Concussion & Fall Sports
As we return to school, it is important to keep in mind safety when returning to play our favorite fall sports. Concussion falls into the category of a mild traumatic brain injury (mTBI) and traumatic brain injuries (TBI). These are the second leading cause of death and disability among children and teens, according to the Center for Disease Control and Prevention (CDC) Report to Congress: Traumatic Brain Injury in the United States.
Many of these brain injuries are preventable and often, if proper protective equipment is worn and rules are followed, players should be “in the clear.” For those that do experience a concussion, there are many resources the North Dakota Brain Injury Network (NDBIN) has to offer. What should happen if it is suspected that an athlete has a concussion? According to the CDC TBI Data, the individual should be removed from play.
The individual should be evaluated by a healthcare professional with experience in concussion treatment. Inform parents or guardians and keep the athlete out of play until he/she is evaluated. This information sheet from the CDC should be given to coaches and parents until further guidance can be given by a professional experienced in evaluating concussion. It is important to remember it is better to miss one game, rather than the whole season.
The main point NDBIN wants people to understand is that a concussion sustained at any point in an individual's life should resolve itself within four weeks, with good concussion maintenance. What does good concussion maintenance look like?
A reasonable amount of rest, followed by a measured increase in home and school activities, as long as symptoms are not exacerbated by these activities. NDBIN provides a Common Academic Accommodations Following a Concussion infographic that gives examples of how to pace workload reduction at school for those four weeks following sustaining a concussion.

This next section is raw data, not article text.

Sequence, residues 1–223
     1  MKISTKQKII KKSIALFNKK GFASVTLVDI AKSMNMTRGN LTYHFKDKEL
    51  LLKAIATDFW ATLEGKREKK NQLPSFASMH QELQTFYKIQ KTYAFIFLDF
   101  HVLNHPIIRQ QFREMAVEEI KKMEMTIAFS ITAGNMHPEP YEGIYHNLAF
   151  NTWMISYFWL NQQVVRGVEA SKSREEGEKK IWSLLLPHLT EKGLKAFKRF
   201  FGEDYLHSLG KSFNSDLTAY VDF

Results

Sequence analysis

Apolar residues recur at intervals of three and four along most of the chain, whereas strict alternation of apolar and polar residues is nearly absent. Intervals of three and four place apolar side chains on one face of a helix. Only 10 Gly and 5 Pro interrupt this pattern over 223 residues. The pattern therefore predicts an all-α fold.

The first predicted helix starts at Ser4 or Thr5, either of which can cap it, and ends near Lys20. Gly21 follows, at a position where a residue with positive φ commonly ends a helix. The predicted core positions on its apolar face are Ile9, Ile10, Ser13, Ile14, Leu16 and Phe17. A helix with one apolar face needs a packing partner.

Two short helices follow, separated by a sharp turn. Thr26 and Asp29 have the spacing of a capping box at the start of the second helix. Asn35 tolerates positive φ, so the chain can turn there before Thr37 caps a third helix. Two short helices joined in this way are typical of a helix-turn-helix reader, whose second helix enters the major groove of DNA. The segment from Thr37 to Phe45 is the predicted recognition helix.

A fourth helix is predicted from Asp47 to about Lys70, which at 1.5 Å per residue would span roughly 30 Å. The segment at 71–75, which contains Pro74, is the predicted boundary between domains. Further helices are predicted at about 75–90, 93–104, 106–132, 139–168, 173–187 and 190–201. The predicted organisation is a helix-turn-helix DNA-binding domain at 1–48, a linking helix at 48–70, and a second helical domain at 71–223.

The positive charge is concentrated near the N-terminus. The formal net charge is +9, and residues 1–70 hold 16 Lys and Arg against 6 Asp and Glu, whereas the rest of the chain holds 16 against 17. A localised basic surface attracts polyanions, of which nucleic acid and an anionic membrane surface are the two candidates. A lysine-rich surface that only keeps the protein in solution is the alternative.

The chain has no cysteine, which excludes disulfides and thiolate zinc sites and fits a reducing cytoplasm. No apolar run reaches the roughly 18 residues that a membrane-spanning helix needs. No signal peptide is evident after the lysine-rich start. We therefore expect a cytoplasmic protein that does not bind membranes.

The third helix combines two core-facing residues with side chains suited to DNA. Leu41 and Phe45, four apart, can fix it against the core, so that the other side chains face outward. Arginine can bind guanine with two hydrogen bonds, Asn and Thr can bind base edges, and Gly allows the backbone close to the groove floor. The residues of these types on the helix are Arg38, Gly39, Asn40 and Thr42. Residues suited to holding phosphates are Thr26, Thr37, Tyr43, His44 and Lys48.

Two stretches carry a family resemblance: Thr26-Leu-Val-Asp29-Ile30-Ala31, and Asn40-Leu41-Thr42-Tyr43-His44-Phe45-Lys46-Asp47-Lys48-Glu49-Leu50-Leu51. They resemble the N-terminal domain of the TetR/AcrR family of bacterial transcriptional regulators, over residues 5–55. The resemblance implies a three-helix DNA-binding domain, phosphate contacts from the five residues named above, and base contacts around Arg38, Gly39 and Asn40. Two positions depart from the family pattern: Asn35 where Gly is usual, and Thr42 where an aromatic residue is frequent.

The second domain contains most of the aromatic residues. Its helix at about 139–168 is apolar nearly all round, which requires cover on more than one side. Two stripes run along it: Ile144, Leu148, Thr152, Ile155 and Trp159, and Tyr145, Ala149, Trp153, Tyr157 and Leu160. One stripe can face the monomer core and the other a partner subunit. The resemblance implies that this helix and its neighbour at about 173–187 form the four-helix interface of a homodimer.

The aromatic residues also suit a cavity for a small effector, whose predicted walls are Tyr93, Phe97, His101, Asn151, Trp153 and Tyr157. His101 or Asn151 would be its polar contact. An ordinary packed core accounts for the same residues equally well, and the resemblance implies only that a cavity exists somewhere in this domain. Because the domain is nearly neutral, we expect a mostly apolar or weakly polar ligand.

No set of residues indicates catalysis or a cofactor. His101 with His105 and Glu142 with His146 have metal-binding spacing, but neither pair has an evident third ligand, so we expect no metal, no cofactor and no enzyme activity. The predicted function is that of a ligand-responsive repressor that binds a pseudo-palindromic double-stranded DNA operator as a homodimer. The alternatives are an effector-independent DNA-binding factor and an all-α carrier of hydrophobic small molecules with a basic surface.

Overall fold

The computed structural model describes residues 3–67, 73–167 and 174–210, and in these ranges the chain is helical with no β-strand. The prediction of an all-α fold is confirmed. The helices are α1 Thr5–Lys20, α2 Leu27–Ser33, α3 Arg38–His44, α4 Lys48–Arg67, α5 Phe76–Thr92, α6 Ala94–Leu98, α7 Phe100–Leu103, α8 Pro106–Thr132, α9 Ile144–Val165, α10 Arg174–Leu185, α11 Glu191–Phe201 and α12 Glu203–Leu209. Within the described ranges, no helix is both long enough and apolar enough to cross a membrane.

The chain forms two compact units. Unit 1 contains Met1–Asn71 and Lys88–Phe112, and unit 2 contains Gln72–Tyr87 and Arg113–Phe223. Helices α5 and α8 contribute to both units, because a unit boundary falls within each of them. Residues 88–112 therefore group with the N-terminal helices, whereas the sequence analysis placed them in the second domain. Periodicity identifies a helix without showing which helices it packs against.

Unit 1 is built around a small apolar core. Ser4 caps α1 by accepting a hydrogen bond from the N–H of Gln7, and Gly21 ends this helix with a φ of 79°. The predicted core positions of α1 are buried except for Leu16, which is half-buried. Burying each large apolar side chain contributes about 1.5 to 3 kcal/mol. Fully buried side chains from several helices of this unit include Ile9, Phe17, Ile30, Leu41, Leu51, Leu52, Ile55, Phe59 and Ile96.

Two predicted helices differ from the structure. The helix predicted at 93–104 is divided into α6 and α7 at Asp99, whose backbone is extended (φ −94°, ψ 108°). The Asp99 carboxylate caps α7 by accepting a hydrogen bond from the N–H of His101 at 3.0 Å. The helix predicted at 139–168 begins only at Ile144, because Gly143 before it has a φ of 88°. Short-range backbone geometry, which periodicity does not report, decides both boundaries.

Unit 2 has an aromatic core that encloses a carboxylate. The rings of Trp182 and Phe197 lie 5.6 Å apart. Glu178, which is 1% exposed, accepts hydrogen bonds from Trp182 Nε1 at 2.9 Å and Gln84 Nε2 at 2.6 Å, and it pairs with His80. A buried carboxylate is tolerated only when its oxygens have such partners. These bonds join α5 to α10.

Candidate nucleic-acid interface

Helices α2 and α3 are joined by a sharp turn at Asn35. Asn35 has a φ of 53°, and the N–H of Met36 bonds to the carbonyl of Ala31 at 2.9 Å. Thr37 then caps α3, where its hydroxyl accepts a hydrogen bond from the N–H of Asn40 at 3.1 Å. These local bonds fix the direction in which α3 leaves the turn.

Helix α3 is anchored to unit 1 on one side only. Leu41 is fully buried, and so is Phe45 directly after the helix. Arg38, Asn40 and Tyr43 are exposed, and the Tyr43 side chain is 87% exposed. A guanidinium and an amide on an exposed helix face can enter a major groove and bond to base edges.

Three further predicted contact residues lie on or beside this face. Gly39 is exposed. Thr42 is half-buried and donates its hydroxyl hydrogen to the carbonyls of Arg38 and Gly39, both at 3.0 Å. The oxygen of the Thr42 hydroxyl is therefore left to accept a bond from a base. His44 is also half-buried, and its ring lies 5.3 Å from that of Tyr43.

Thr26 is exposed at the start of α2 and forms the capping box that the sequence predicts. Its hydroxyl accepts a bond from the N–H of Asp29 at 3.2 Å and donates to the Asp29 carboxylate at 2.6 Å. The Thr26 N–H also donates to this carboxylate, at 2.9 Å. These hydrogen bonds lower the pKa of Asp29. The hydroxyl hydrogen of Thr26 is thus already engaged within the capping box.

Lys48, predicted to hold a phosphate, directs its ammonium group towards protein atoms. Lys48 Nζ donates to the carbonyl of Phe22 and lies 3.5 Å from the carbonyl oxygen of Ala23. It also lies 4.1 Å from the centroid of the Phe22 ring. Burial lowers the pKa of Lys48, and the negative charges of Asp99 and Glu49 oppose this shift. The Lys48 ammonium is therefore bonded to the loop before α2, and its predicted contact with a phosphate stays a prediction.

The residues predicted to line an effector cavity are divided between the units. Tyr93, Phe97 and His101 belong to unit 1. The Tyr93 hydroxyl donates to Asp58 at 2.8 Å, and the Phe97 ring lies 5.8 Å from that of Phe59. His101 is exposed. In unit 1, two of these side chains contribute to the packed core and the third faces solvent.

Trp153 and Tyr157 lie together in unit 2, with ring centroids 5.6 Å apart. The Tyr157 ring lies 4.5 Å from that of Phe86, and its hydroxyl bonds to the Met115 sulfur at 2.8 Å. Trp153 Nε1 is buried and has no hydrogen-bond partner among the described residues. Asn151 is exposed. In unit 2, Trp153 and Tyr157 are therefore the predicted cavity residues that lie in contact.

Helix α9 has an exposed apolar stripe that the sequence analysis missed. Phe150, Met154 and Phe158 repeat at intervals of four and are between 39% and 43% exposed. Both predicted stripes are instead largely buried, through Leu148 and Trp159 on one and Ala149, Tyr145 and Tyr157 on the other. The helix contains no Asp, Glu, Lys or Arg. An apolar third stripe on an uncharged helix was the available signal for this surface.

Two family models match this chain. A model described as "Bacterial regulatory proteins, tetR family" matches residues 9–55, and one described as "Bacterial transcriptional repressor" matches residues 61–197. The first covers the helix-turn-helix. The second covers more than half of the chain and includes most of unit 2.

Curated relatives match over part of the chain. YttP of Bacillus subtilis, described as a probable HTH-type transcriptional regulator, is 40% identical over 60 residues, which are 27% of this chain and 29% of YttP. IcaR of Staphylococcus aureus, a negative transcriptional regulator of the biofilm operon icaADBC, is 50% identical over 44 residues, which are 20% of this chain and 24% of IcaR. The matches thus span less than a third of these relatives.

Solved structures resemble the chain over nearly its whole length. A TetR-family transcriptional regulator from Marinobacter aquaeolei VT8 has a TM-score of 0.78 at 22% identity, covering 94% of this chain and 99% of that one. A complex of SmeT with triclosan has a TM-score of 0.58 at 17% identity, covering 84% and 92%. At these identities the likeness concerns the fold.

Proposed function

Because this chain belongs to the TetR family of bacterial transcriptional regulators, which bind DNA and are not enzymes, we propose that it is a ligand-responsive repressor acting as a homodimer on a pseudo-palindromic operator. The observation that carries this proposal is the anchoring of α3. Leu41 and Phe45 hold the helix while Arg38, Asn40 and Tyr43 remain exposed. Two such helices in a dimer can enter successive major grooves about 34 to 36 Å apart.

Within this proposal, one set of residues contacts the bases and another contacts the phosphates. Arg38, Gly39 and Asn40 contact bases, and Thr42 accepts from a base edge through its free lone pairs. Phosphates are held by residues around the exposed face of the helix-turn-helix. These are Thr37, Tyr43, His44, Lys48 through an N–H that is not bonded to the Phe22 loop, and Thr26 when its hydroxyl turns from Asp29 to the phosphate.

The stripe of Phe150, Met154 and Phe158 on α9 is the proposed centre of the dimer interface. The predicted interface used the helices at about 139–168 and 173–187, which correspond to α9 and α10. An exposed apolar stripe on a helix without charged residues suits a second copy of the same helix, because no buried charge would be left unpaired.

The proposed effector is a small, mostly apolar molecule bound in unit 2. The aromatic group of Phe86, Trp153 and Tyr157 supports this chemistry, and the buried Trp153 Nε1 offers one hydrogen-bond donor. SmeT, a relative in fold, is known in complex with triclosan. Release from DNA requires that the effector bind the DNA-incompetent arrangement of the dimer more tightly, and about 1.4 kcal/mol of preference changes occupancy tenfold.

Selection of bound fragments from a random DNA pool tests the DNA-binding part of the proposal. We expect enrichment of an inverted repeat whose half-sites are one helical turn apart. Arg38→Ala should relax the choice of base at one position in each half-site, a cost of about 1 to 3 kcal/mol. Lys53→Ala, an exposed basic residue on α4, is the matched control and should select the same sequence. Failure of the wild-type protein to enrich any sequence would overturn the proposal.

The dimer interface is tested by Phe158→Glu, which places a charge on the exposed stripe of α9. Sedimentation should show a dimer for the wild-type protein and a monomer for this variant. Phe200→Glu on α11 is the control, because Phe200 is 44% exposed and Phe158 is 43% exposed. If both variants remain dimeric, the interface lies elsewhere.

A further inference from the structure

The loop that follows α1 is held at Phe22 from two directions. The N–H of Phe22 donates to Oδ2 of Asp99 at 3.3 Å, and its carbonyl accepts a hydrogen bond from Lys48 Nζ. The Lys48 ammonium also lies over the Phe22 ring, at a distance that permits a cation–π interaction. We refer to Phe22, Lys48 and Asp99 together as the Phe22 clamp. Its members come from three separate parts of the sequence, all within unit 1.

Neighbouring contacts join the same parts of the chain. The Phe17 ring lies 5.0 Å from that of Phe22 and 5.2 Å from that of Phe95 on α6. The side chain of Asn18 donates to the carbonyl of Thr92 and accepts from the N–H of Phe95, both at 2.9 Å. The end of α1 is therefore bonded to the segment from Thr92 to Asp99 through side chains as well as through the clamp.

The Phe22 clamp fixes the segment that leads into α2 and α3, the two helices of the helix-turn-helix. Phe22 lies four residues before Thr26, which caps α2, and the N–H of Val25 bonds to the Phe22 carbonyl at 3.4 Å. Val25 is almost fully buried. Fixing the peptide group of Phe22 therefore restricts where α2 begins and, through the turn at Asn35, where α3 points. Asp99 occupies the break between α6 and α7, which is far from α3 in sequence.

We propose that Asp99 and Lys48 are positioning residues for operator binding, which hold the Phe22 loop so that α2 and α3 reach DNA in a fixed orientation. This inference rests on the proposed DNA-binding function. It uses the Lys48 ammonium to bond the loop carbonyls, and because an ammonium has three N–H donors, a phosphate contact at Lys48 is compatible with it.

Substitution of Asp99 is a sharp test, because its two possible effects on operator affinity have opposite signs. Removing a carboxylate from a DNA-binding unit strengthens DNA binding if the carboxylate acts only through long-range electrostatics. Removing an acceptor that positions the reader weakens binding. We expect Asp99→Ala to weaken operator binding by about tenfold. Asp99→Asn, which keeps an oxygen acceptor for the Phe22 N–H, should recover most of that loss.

NDBIN also provides a community-based concussion management program that can be very helpful for families and school teams struggling with concussion management called REAP. R is for Remove/Reduce, E for Educate, A for Adjust/Accommodate, and P for Pace. We want you to be able to REAP the benefits of good concussion management by taking a team approach to concussion management.
This guide, created by Karen McAvoy, is colored-coded by each team involved within the athlete's care. The Family team, School team (physical), School team (academic), and Medical team should all be “at the table” when it comes to determining the best plan of action for the concussed athlete. This team approach can help to ensure that no area is overlooked for the athlete.
NDBIN can be contacted as initial injuries occur, but we want to be looped in when a concussion does not resolve itself within four weeks. At that point, other therapy options need to be explored. The brain is so complex that it does not warrant going into details on all therapy options for the purposes of this article, but NDBIN is more than happy to help walk through these options on a case-by-case basis.
If you have not utilized us before, NDBIN provides information and support to individuals with brain injury, their family members, and various service providers and agencies. The resource facilitator assists with navigating the service system and provides technical assistance in finding the right resources for each individual. NDBIN offers outreach and education to increase public awareness of brain injury, as well as peer support by connecting people with others who have experienced a brain injury. NDBIN can provide onsite training to facilities and organizations as well. All services are FREE.
We encourage individuals with questions on concussion to explore our website or contact our Resource Facilitator Nickie Livedalen at: (855) 866-1884 or email firstname.lastname@example.org. We want everyone to have a safe fall as we return to sports, but we are here for help today and hope tomorrow!